The Korean Tragedy: The Thin Line Between War and Reconciliation

Bojan Stojkovski
6 min readOct 5, 2017

“Reconciliation, love and forgiveness” — read one of the sentences in the description of The Statue of Brothers, at the entry of the War Memorial in Seoul, the capital of South Korea.

The statue, which depicts an encounter on the battlefield between two brothers — South Korean officer and a North Korean soldier, sends a powerful message and illustrates the tragedy of the Korean nation — which since 1953 has been living divided in South and North Korea.

As close as these two countries are to each other — so far apart are the societies in which they live. The division of the two Koreas is also represented in The Statue of Brothers, through the crack in the dome beneath the two soldiers — though at the same time it also symbolizes the hope that the Korean nation has for its reunification.

The South Koreans that we talked to about the unification process, had divided opinions on the matter — considering the current relations between Seoul and Pyongyang, as well as the historical aspects of the division of the Korean Peninsula.

After the end of the Second World War, and while the Cold War between the United States and the Soviet Union was starting, the negotiations between the two superpowers failed to lead to an independent and united Korea, which until then was occupied by Empire of Japan.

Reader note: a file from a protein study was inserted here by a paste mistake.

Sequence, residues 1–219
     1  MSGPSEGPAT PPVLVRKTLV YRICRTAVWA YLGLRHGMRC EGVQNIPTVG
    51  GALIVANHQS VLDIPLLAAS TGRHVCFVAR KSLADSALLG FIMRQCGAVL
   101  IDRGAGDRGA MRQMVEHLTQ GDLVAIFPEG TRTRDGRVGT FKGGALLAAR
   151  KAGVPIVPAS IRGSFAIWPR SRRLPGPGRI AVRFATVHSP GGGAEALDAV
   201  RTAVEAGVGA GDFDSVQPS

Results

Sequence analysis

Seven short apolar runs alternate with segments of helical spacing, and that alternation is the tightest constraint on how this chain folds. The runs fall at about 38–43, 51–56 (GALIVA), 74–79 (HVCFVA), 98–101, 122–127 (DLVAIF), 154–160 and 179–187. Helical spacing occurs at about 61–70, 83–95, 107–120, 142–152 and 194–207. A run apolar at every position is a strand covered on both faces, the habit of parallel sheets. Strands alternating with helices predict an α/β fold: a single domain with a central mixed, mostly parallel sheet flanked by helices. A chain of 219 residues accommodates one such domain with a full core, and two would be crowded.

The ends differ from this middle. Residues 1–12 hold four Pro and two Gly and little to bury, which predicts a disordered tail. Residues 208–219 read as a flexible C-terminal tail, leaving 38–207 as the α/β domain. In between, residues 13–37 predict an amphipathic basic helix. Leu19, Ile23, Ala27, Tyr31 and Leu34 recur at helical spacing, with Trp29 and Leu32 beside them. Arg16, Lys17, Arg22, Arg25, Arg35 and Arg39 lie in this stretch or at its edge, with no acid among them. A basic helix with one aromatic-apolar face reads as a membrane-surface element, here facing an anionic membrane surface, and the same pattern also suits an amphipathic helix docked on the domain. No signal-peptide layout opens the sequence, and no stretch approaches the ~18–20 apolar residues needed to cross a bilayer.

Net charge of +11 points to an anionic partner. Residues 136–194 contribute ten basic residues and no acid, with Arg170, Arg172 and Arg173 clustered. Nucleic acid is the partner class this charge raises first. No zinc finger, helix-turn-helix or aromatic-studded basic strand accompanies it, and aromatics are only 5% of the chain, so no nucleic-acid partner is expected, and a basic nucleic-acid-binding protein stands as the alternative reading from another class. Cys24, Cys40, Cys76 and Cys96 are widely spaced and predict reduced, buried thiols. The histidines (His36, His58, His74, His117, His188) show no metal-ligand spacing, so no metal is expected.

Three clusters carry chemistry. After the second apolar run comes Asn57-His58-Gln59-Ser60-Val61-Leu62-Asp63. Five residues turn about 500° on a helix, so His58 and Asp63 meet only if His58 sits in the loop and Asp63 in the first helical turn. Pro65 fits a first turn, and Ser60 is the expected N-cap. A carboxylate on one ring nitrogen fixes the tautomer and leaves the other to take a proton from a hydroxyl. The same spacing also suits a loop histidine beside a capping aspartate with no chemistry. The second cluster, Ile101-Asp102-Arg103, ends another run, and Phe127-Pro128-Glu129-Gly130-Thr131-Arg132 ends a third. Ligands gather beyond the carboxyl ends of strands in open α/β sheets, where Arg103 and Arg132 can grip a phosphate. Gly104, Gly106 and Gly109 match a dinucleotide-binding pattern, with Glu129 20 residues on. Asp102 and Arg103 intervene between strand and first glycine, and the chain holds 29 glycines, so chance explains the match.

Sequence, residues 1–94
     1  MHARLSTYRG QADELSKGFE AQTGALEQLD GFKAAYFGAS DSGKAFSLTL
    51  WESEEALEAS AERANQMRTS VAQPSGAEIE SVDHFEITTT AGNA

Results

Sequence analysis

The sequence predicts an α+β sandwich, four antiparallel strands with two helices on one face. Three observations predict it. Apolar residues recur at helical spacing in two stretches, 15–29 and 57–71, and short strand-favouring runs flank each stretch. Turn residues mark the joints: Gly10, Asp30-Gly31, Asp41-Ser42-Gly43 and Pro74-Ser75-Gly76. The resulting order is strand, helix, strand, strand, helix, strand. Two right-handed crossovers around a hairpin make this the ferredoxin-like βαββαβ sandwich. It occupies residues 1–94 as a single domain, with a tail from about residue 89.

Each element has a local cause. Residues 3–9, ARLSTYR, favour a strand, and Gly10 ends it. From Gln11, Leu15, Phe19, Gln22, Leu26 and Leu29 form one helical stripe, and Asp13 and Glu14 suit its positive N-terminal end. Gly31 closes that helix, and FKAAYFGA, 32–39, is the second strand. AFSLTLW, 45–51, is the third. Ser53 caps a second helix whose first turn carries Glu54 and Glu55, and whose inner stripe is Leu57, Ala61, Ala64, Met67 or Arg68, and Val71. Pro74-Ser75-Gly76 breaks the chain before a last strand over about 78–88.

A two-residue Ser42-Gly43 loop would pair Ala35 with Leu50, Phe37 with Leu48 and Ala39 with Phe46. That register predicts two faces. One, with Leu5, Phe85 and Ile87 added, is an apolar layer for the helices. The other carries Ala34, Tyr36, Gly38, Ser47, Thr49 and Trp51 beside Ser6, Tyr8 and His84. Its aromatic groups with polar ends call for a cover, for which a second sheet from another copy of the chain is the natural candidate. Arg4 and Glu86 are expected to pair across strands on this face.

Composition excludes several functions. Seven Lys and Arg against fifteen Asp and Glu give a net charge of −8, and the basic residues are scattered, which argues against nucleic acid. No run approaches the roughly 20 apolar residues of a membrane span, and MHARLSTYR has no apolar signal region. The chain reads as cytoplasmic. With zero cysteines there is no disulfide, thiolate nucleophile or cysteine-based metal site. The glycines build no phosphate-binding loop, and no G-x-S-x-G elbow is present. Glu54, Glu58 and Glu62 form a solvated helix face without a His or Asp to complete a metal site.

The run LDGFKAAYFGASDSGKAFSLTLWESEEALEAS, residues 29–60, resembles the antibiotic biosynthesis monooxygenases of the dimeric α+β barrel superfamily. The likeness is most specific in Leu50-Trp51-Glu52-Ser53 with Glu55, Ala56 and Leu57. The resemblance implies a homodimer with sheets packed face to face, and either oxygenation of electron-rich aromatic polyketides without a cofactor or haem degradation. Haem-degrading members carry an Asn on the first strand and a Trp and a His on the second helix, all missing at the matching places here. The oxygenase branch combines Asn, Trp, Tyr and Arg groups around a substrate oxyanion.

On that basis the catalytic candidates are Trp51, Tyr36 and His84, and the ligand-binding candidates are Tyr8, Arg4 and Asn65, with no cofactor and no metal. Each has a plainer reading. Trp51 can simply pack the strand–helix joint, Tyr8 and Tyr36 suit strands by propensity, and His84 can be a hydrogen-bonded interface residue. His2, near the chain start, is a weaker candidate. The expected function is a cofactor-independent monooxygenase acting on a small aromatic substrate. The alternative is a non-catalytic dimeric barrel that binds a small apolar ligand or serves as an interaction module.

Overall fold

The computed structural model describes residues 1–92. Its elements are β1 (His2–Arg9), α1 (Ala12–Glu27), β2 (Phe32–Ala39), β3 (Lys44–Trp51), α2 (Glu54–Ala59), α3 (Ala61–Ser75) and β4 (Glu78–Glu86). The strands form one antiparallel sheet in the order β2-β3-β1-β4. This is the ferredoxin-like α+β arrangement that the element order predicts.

In 1948, on the south of the Korean Peninsula, controlled by the United States, the Republic of Korea was established. In the north, the Soviet Union helped to establish the Democratic People’s Republic of Korea.

On June 26, 1950, by crossing the infamous 38th parallel, the North Korean army began a three-year fratricidal war on the peninsula, during which more than four million people lost their lives. For almost every Korean out there today, this three-year period represents the tragedy of the Korean nation.

The two sides currently are technically still at war, with constant tensions and provocations, which are mainly caused by Pyongyang and the North Korean leader Kim Jong-un — who due to his penchant for nuclear weapons testings has become a thorn in the eye of the international community, and especially for U.S. President Donald Trump.

How big are the chances of a new war between the two Koreas, thus an all-out nuclear war that would involve the world’s great powers? According to South Koreans, the chances for such developments are quite small. Mostly because North Korea is often using those provocations as a defense mechanism and a way to grab worldwide attention.

“As time goes by, I feel that the situation is becoming more and more dangerous. Nevertheless, I don’t believe that there are possibilities for a nuclear war. I’m part of the army, we have regular military exercises, and we are ready. However, I do not think that war will happen anytime soon” says one South Korean soldier.

The Korean unification, he emphasizes, should be a peaceful process that won't cause casualties on both sides. However, he also knows many South Koreans who do not want this unification to happen.